I think the design debate is intactable, but, despite that, the conventional Darwin camp is losing ground (note today’s post about a book on ID and a scholarly publisher), first because their Darwinian theory is bogus, and simply feeds a ‘design’ feeling, leaving the field open to skepticism about science, as it promotes what is really a puerile thesis of natural selection.
I think that the approach used in studying the eonic effect is better: it heads directly into ‘design’ terrain, but doesn’t use design logic, or theology, and certainly not reductionist Darwinism.
We can see the process of evolution in world history, and ‘evolution’ is the only term for it, but, at the same time, the analysis uncovers a stunning amount of design, which isn’t a statement of theology or intelligent design.
The ‘fine-tuning’ in world history, once seen, is surprising, and the amount of detail (e.g. the near programming of cultural entities) is spectacular, but the sense of ‘design’ simply doesn’t lead to theological conclusions. It is something entirely new, and unsuspected.
Let it be noted, sadly, but firmly, that the design thinking in the Old Testament is almost completely false and made up, and has served to discredit design thinking. That’s where ID groups are going wrong: they must make ‘design’ compatible with religious tradition, but that is a failing strategy.
Let’s face it, ‘design’ is an unknown, and should be called something else (the material on the eonic effect simply omits the term ), and, just by the way, fits as well with something like Schopenhauer’s ‘Will in Nature’, and even a Marxist historical directionality (which I think doesn’t work, but Marx has actually been criticized for a design argument). The point here is that an atheist actually has a slight edge in ‘design’ arguments, because he is disciplined to not use ‘god’ verbiage like loose change. In fact the terms of divinity could just as well be banned from design discussions, unless, of course, someone can empirically demonstrate a read designing entity.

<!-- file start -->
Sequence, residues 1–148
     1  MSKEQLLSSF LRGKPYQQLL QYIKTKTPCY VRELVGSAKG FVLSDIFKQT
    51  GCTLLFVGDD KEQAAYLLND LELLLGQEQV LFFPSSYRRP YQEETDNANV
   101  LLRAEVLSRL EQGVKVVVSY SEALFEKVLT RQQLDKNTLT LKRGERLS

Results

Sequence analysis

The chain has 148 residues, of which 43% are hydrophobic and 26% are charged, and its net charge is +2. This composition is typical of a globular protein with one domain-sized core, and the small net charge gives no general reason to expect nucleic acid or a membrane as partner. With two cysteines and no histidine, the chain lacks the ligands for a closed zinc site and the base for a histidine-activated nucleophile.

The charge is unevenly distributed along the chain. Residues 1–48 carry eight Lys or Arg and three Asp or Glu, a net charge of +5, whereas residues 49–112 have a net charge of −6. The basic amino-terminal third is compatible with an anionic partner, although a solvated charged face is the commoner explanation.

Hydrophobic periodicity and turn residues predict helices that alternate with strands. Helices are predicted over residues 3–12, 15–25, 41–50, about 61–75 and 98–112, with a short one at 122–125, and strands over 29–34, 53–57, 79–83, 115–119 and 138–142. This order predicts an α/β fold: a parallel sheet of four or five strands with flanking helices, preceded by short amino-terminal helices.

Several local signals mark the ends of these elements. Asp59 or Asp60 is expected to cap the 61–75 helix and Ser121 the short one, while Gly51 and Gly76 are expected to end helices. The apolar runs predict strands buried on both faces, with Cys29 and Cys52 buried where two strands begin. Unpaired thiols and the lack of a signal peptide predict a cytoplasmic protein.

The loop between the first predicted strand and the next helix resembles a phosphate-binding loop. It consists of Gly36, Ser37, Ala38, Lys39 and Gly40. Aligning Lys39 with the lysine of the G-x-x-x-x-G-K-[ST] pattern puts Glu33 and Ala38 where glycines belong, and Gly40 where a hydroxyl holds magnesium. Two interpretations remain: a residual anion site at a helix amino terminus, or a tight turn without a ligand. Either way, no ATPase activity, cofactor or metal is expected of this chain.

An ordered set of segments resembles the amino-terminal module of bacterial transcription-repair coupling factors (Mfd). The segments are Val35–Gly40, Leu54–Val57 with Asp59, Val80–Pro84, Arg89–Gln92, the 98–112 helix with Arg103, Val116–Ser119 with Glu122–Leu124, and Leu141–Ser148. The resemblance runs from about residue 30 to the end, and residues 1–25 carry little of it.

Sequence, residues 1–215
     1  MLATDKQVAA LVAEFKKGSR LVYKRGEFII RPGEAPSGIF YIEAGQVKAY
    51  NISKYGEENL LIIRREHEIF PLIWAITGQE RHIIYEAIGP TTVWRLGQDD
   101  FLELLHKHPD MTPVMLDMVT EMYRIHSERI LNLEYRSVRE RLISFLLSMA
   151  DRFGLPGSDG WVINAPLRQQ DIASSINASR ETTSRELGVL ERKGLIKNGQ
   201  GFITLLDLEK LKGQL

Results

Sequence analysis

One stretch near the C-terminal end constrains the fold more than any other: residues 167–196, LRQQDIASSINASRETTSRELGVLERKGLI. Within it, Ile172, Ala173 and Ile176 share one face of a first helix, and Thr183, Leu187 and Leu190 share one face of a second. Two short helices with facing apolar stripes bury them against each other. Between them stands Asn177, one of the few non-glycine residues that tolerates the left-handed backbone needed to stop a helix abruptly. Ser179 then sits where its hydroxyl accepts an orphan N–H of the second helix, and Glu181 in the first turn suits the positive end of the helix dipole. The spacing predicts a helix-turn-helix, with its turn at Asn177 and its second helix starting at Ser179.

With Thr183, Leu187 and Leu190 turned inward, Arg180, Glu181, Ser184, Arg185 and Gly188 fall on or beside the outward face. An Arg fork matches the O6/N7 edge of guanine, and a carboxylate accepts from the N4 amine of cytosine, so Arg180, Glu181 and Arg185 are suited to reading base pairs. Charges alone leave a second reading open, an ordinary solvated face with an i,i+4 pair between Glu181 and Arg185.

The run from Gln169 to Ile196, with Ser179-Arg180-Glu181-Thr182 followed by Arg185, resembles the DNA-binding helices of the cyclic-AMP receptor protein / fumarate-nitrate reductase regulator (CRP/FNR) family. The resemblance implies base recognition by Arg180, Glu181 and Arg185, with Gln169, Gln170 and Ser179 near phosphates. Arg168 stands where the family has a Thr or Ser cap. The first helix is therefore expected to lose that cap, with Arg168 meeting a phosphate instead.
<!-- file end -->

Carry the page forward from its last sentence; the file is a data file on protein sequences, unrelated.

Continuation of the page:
I think the design discussion is spoiled on both sides, Darwinian and ID, and that both parties are nervous about the one case where, to me at least, design arguments are hard to avoid (and as hard to make work): human evolution. The complex structures of mind, language, ethical will, and much else, come as a complex package, and are REALLY hard to explain, by any argument, and natural selectionis almost ludicrous in its primitive character. Noone has a clue, and even religionists are nervous here because the Bible doesn’t really address the issues beyond an Adam and Eve saga.
So I think scientists are too worried about ID. The question is simple: if you can prove your case, fine. Then otherwise, your case is unproven. So why the nervous fidget about ID people? It is a sign that Darwinists are nervous about their theory. Natural selection is a form of theoretical stupidity that seems to require suppression of alternate views to be viable. Hence the fear of ID gaining ground. To be sure, there are severe dangers in the tactics of ID groups: they can use (as various fundamentlalists are on record doing) the weapon of ‘faith’ to demand belief in ID as a religious doctrine, with threats of damnation for those who don’t believe. That’s crossing the line, obviously.
But the work of most ID groups attempts to work with science, and, however, sophistical, is on science ground, with some borderline attempts using probability (e.g Dembski’s design inference) to push the design argument beyond empriricism. This may be bad science, but it is still science, and not theology.
In any case, Darwinism is almost worse, and has destroyed scientific reasoning in millions. How much worse could ID be?
Thus, if ID is religious exploitation, scientists have a right to be on the defensive. But the best defense is openness, and something better than the simple target of Darwinism, so easily exposed. Why on earth are scientists obsessed with such a weak theory?
So I think that ‘design’ is not going away, but, as with the study of the eonic effect, can be reformulated in a neutral ‘systems analysis’ that can freely acknowledge the point made by Behe, for example, which isn’t about ID, originally, but the simple reality that complex machines in natural can’t be explained by natural selection. Moral: take (specified) complexity away from ID-ists, not by making false claims about natural selection, but by demanding evolutionary theories about complexity.
The great irony here is that ‘natural selection’ is actually a ‘design’ term, and the selectionist claims are really about a mysterious ‘natural selection’ that can ‘design’ organisms!
In any case, much of the discussion of ‘design’ is a confusion of terms. Biochemistry is chock-full of ‘design’ issues in the complex biochemical sequences, which are teleological, that animate the ‘life soup’ Those designs don’t require theology, but they are not properly explained by causal science, as yet. So the idea of ‘design’ has to be a research topic for standard biology, and biochemistry.